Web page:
Yoli Mayor: Miami’s Young Songstress with a Big Voice
Yoli Mayor is a 22-year old Miami native who won over the judges of NBC’s “America’s Got Talent” with her power voice (think Adele mixed with Etta James). This weekend, Miami audiences will have the opportunity to experience firsthand the incredible talent of Mayor as she croons familiar hits as well as original material at Miami-Dade County Auditorium.
Mayor’s concert is the season opener for Culture Shock Miami Presents, an arm of Culture Shock Miami, which is a program of the Miami-Dade Department of Cultural Affairs. “The premise of the program is to introduce teens and young adults to the arts by making tickets and arts events available for five dollars…they can attend some of the highest quality arts events in Miami-Dade county,” says Christina Tassy-Beauvoir of Culture Shock Miami, which is now in its 13th season.
As a teenager, Mayor attended many of the programs presented by Culture Shock Miami. She spoke by phone on her upcoming concert, and her time on “America’s Got Talent,” where she was cut just before the finals on Sept. 6.
Describe your time on “America’s Got Talent.”
It was an incredible experience. I have not felt so many emotions at once. [It covered] a lot of new territory, but it felt, in a sense, like home — home in the aspect of preparing for the show; the rehearsals, the lights, the sounds of the stage. The stage is where I feel the most comfortable in the world.
Did you have a favorite judge on the show?
I like them all for different reasons. I liked the tough love that I got from Simon [Cowell].I liked the affection I got from Heidi [ Klum] … the affection from Mel B., and the quirkiness from Howie [Mandel].
Musically, who inspires you?
I am inspired by Amy Winehouse, Miquel, and Childish Gambino. I am very much into lyrics and people who can emit emotions through their music, people who are raw and give the sense of really being there — living the song.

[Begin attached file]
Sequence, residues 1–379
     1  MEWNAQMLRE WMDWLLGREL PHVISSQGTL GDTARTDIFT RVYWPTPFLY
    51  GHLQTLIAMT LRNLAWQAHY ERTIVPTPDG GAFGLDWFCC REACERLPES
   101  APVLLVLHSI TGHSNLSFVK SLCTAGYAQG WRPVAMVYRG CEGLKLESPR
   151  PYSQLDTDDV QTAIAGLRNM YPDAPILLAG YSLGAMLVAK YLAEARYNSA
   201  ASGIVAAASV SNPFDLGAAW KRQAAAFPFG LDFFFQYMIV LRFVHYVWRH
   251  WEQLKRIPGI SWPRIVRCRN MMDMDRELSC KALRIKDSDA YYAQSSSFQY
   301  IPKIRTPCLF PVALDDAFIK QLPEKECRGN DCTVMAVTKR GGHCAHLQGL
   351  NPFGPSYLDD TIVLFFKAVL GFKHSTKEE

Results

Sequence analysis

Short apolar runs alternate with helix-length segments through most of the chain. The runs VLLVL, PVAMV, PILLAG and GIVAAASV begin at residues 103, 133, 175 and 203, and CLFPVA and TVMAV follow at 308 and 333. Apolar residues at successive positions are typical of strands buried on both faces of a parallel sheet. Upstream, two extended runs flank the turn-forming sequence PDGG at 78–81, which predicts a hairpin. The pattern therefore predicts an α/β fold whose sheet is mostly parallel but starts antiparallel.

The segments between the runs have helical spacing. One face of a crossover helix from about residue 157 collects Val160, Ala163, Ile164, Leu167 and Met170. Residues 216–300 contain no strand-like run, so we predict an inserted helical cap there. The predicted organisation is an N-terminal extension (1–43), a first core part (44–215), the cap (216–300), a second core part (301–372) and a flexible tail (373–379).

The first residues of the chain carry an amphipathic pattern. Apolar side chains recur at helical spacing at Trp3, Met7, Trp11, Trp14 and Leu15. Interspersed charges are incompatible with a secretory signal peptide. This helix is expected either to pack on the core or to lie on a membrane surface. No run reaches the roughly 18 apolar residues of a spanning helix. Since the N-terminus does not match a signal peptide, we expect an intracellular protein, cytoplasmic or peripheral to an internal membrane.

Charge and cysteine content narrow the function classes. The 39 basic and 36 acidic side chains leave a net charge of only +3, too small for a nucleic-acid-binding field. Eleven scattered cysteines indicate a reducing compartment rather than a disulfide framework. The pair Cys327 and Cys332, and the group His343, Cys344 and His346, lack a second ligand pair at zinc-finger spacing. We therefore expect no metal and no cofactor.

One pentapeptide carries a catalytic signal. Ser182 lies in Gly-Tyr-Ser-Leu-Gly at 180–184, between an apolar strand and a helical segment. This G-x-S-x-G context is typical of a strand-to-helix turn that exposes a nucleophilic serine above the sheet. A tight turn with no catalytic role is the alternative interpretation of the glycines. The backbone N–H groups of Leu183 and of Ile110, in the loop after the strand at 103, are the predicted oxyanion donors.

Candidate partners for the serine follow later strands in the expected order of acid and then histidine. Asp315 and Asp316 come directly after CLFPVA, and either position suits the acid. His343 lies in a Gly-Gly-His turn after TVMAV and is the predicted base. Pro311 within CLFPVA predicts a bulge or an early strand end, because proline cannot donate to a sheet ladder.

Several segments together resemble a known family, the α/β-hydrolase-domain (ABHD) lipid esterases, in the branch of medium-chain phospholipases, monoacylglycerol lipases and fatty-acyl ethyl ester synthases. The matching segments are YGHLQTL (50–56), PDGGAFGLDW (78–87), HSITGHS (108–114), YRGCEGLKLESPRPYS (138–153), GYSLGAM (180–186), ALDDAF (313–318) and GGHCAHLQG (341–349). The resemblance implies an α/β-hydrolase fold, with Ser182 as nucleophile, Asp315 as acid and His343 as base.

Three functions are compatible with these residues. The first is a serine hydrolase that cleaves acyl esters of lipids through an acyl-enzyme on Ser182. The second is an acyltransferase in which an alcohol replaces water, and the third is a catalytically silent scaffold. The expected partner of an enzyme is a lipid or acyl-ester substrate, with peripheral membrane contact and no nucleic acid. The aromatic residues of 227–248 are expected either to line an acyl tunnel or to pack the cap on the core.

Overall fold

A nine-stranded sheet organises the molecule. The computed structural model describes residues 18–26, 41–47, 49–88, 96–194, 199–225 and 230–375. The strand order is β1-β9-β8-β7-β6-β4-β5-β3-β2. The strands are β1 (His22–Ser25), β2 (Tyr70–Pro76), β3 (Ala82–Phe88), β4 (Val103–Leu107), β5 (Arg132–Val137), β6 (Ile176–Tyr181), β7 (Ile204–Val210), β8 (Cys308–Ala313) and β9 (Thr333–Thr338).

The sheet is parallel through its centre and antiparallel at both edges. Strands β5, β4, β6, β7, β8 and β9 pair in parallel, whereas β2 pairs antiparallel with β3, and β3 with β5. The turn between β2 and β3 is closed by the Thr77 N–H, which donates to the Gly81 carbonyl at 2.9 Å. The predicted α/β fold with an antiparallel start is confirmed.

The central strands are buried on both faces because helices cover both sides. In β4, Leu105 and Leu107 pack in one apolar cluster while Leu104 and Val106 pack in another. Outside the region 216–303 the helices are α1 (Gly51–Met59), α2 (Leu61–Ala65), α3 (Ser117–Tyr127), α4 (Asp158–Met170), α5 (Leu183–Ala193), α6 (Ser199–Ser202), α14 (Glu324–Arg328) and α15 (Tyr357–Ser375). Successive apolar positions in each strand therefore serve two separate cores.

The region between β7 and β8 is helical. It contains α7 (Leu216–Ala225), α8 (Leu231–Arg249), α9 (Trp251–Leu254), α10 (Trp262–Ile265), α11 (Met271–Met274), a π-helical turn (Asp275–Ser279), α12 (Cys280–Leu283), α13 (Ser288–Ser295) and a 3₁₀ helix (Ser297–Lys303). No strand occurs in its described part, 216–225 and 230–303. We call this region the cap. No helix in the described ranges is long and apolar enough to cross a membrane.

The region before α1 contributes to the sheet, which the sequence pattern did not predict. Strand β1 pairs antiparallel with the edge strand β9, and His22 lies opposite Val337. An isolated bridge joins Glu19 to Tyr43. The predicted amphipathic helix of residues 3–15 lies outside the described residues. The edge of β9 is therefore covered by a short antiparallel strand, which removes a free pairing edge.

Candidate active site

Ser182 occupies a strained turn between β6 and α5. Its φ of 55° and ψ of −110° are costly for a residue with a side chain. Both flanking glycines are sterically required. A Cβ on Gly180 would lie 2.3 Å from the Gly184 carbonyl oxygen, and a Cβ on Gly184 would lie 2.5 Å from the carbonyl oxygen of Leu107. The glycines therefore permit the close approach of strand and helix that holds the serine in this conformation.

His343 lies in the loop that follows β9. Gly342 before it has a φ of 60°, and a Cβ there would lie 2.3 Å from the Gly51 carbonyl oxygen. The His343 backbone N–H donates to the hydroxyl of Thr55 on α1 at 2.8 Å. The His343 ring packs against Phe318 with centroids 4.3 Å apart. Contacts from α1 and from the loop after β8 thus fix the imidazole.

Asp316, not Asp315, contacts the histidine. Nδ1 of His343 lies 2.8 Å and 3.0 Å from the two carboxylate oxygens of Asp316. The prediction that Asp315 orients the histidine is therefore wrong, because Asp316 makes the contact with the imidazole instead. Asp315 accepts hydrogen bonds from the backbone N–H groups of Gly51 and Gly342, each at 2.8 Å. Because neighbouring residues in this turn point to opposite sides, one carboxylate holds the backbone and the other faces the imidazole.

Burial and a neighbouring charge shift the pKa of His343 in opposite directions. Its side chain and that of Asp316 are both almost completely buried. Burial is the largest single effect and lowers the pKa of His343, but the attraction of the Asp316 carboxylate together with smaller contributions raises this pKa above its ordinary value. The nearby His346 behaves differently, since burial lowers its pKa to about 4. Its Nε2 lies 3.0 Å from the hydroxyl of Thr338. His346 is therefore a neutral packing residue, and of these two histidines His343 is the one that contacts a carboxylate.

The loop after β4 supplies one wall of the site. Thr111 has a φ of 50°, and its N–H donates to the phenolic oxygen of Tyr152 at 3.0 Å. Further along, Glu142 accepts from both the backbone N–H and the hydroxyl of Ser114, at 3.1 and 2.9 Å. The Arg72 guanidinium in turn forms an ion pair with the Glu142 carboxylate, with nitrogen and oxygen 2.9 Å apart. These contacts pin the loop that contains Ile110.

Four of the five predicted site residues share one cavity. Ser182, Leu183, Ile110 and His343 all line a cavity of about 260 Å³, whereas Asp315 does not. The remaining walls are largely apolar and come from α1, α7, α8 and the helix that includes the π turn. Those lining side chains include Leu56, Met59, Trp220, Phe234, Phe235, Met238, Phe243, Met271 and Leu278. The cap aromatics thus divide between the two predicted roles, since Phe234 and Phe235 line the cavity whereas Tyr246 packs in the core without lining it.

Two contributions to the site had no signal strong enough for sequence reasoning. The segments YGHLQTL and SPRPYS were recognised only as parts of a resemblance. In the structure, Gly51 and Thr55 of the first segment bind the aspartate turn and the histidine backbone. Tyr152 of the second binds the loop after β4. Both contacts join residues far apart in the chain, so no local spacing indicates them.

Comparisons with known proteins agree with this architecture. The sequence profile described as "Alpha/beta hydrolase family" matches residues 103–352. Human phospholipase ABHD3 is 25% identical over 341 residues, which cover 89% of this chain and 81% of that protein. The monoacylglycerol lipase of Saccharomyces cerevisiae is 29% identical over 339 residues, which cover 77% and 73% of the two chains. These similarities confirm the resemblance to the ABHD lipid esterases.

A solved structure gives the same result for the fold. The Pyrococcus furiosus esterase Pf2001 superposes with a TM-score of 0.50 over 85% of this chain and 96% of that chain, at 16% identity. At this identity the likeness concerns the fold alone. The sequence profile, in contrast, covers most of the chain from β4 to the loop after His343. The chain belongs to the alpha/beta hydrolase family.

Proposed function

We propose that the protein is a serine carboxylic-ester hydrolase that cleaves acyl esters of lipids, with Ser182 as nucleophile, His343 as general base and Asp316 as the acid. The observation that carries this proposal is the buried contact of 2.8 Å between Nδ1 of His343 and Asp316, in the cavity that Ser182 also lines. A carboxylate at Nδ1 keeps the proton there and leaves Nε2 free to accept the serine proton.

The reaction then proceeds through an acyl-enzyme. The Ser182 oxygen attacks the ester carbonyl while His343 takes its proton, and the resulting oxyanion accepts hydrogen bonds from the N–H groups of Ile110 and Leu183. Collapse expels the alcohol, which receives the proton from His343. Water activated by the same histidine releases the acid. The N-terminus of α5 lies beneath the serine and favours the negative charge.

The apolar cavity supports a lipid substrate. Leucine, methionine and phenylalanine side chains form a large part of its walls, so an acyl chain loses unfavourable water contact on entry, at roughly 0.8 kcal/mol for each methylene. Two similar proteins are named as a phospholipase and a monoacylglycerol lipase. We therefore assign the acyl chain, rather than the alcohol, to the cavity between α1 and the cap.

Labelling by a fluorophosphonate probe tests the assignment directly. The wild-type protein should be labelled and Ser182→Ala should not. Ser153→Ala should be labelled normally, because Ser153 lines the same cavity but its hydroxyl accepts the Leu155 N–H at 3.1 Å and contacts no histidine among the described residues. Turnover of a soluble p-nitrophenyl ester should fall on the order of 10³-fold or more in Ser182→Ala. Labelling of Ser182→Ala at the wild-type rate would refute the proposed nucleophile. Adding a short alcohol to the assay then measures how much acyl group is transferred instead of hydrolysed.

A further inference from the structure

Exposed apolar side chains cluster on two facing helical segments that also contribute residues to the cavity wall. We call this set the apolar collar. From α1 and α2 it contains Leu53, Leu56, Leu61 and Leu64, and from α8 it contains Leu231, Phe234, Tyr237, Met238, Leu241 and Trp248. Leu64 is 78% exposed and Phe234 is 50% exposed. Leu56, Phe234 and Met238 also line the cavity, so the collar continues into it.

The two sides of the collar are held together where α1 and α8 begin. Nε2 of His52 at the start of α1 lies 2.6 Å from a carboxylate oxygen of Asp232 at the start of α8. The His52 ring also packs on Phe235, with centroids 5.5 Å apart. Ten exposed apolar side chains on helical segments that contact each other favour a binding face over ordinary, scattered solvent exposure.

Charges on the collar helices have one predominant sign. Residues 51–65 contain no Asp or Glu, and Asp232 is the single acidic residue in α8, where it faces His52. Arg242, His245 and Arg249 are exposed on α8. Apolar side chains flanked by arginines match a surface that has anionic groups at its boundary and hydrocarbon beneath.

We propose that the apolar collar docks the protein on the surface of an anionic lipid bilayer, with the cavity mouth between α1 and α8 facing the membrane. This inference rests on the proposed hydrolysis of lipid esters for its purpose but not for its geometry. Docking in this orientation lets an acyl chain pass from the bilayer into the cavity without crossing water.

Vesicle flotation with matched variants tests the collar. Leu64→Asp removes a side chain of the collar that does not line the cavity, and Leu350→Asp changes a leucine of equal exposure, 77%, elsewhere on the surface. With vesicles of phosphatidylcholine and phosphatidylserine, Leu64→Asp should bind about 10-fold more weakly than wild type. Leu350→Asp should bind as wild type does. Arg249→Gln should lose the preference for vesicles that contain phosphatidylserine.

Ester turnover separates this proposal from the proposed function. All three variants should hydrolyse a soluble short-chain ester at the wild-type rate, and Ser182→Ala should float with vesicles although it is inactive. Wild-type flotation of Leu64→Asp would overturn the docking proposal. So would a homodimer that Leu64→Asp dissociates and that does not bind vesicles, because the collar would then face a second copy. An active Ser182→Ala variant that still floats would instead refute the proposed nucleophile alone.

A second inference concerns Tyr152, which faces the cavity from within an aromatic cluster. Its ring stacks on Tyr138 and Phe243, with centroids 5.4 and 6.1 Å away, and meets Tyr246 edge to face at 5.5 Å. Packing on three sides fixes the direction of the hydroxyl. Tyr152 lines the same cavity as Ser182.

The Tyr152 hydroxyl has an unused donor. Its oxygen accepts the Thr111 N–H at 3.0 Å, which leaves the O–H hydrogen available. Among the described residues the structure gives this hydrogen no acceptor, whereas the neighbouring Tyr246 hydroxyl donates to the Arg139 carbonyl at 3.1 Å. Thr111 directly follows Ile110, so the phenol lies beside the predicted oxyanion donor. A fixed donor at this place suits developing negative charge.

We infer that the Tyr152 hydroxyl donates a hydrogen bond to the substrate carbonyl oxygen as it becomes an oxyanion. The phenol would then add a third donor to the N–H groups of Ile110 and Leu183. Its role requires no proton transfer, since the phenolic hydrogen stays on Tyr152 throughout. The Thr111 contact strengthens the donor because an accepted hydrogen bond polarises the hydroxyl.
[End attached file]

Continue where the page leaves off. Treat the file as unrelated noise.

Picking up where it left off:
Could you speak about your years at the BridgePrep Academy of Arts and Minds in Coconut Grove?
It gave me time to be who I am as an artist. I did musical theater, theater, and chorus. It was a great benefit to be so expressive during my teenage years. It set a foundation for me to feel confident in my skills, and in my ability to do this as my career.
When did you know you wanted to pursue singing as a career?
At my first gig. It was Valentine’s Day and I was 18 years old. It was the first time I’ve ever been booked for an event or otherwise. It was truly amazing, the reaction I got from the crowd, and the love. I was like, I need to see how I can make this what I do for my life.
You have said that your favorite reaction is to see the audience in tears. Why is that?
Because, in my personal case, when you’re crying it’s because there is such an overload of emotions, such a large amount of emotion that it’s literally spilling out of your body through your eyes.
You are now working on an album. Can you tell us about it?
Just that I’m working very hard to make it as Yoli as possible.
What can we expect from the concert?
It’s a concert fitting for all ages. I’m very excited. Culture Shock was a part of my youth; to be performing at one as an adult is an honor.
What would you like to tell us about yourself?
I’m Cuban-American. I have been singing my entire life. I hope I continue to shock and set people off balance with my music. I look forward to growing with my supporters. Miami will always be home base.
Yoli Mayor in Concert, Sunday, 5:00 p.m., Miami-Dade County Auditorium, On.Stage Black Box, 2901 W. Flagler St., Miami; tickets $5 for ages 13-22; standard admission $20; 305-375-1949; cultureshockmiami.com.